Cultivation is key for preventing Pythium diseases, says North Carolina State University assistant professor and extension specialist of turfgrass pathology Dr. Jim Kerns. Pythium species require water to grow and spread. Therefore, irrigation management is paramount. For putting greens, it is essential to use a TDR meter to measure soil moisture. Keeping the putting greens as dry as possible can help prevent Pythium diseases. Sand topdressing is also critical, as it improves the surface characteristics and dilutes organic matter that naturally builds up in the system. Maintaining fertility programs is also key. “Pythium diseases are thought to be high-nitrogen diseases, but there are many Pythium diseases,” Kerns says. “Furthermore, high nitrogen typically refers to rates that are not reasonable for golf courses. Many times I find a little boost in nitrogen helps with most Pythium diseases. I am not advocating a half or one pound of nitrogen, rather an increase from 1/10 to 1/8 of a pound.”

Typical conditions for disease development are daytime temperatures of 85 to 100 degrees and nighttime temperatures above 68 degrees.
© Dr. jim Kerns

Root rot and root dysfunction develop when turfgrass is under stress. The single biggest stress is mowing, therefore adopting an alternating mowing and rolling program will help manage Pythium.

Pythium blight can kill turf in 24 to 48 hours, says Golembiewski, so preventive measures are key for controlling this disease. While fungicides are commonly used preventatively as environmental conditions turn favorable for Pythium development, proper cultural practices should be implemented to deter disease. He advises avoiding excessive nitrogen fertility; aerating/needle-tining to improve soil drainage and enhance air exchange; selective pruning of trees and shrubs; using fans to enhance air movement; and limiting dew duration.

“In turf areas most prone to Pythium outbreaks, delay mowing and/or rolling until surfaces are dry so as to not spread inoculums,” Golembiewski says.

Superintendents may want renovate low lying areas associated with sitting water or contours that create a flow of water across the surface, both of which contribute to Pythium outbreaks and movement across the playing surfaces.

“As for cost effectiveness, cultural practices should already be implemented as part of a good agronomic program,” Golembiewski says. “The key is to adjust when or how you implement to maximize their effectiveness in preventing Pythium outbreaks.”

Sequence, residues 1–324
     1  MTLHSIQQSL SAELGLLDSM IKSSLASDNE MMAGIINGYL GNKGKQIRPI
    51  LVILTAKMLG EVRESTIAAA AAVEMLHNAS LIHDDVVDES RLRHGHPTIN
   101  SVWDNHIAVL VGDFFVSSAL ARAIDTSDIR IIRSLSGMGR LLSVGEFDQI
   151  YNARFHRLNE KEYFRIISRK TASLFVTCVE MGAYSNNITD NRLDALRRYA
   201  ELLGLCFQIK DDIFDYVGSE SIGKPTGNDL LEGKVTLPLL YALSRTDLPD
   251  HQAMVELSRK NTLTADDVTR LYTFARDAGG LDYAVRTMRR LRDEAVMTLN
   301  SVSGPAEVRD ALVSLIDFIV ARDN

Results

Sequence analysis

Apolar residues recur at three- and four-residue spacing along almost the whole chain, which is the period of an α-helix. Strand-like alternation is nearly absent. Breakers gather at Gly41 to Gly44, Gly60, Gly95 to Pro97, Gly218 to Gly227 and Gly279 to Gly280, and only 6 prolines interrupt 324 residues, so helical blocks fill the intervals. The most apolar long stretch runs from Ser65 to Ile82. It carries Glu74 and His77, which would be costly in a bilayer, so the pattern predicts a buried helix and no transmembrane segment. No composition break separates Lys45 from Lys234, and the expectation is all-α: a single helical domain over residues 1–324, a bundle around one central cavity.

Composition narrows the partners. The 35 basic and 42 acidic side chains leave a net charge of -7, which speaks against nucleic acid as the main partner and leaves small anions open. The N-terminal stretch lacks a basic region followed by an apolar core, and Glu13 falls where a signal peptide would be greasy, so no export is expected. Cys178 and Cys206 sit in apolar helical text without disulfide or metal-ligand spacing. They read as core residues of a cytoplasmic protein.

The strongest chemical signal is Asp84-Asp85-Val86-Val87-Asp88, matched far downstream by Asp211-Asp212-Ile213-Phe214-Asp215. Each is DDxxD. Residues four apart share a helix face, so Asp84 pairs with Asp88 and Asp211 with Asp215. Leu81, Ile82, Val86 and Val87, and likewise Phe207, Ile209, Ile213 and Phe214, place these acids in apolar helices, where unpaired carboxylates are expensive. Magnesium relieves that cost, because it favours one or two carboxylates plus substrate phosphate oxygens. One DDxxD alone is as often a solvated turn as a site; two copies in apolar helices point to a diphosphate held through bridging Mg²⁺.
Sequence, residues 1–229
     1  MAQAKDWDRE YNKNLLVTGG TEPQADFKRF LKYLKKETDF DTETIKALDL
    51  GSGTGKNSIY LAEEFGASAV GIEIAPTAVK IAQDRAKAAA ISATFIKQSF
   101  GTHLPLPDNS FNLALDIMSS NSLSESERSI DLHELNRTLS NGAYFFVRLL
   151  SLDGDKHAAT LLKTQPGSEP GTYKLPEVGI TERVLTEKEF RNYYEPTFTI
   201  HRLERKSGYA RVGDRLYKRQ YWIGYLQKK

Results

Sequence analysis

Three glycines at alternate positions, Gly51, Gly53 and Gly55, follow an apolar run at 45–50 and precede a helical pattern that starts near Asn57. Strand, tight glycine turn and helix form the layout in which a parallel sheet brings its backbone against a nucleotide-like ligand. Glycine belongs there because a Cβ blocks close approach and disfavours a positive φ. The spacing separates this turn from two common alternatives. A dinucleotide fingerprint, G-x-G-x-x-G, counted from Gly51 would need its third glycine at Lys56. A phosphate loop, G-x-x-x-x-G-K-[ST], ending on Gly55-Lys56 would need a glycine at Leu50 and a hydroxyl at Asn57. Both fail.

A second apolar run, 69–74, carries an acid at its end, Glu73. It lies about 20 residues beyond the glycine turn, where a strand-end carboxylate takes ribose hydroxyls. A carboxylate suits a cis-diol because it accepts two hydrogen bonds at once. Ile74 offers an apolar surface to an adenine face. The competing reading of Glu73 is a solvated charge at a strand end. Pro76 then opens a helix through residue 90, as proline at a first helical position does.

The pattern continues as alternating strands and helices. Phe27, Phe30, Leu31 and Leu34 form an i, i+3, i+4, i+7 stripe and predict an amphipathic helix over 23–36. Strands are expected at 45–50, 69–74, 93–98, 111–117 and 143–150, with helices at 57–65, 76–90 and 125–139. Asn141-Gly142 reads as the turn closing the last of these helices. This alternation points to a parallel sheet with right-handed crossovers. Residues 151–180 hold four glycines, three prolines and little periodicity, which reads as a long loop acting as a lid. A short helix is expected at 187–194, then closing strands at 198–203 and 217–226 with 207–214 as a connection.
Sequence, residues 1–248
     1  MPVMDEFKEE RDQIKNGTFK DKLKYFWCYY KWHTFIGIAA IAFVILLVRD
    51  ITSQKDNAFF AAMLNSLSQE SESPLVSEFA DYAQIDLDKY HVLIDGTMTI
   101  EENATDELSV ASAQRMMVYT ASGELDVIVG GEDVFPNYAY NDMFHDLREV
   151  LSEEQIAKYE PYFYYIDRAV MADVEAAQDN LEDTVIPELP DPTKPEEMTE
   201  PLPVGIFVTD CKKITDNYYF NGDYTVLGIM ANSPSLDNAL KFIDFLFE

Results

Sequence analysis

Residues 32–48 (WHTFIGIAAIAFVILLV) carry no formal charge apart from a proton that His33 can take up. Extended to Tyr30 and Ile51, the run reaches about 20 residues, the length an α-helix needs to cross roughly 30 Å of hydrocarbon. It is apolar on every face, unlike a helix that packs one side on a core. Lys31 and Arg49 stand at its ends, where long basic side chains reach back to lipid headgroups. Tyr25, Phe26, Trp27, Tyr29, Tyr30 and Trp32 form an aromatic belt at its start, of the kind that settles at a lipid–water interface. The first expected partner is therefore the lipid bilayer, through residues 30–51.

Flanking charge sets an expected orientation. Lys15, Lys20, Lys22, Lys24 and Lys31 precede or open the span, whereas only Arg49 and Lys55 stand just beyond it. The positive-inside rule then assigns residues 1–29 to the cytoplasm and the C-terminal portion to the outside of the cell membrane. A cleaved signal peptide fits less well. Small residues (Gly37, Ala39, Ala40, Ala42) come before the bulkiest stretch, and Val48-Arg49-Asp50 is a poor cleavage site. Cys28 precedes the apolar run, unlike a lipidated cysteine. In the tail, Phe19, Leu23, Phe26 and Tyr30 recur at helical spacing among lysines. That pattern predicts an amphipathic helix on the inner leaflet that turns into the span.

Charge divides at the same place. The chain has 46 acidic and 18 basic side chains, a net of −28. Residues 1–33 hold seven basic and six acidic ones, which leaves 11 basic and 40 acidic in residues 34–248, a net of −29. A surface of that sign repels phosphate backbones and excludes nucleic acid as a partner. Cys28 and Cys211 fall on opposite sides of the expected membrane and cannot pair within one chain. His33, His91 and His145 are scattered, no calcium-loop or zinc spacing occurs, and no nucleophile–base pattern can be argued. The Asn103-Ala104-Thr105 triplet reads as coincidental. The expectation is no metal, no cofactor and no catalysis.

Goodrich stresses proper fertilization and plant health. “In these days, fast green speeds, lower fertilization inputs (especially nitrogen), and decreased mowing heights can be problematic as they lead to weakened turf,” he says. “If you can bump up the nitrogen a bit and raise the mowing height a bit, you can help stave off the possibility of an outbreak. The practices I’ve mentioned are all things supers are doing or thinking about and therefore there is minimal cost above what they already have budgeted, so they can be very easy to implement.”

In addition, Syngenta technical manager Dr. Lane Tredway urges superintendents to “get ahead” of Pythium with a sound preventative fungicide program. “Curative control is not very effective, as most of these diseases attack at a time of year when the turf is not growing most actively,” he says.”

In growing environments conducive to Pythium development, more fungicide applications will be required to provide adequate control, Tredway says. A superintendent may need to apply higher rates at shorter intervals, or sometimes even mix multiple chemistries together.

Start preventative Pythium applications before conditions become optimum for an outbreak, Copley says. “There is a lot of truth to the old saying ‘an ounce of prevention is worth a pound of cure.’ The turf won’t have to deal with trying to heal itself and it will also be easier on the budgets of superintendents,” he says. “The preventative rate on products is sometimes one-half the cost of the curative rate.”

John Torsiello is a writer based in Torrington, Conn., and a frequent GCI contributor.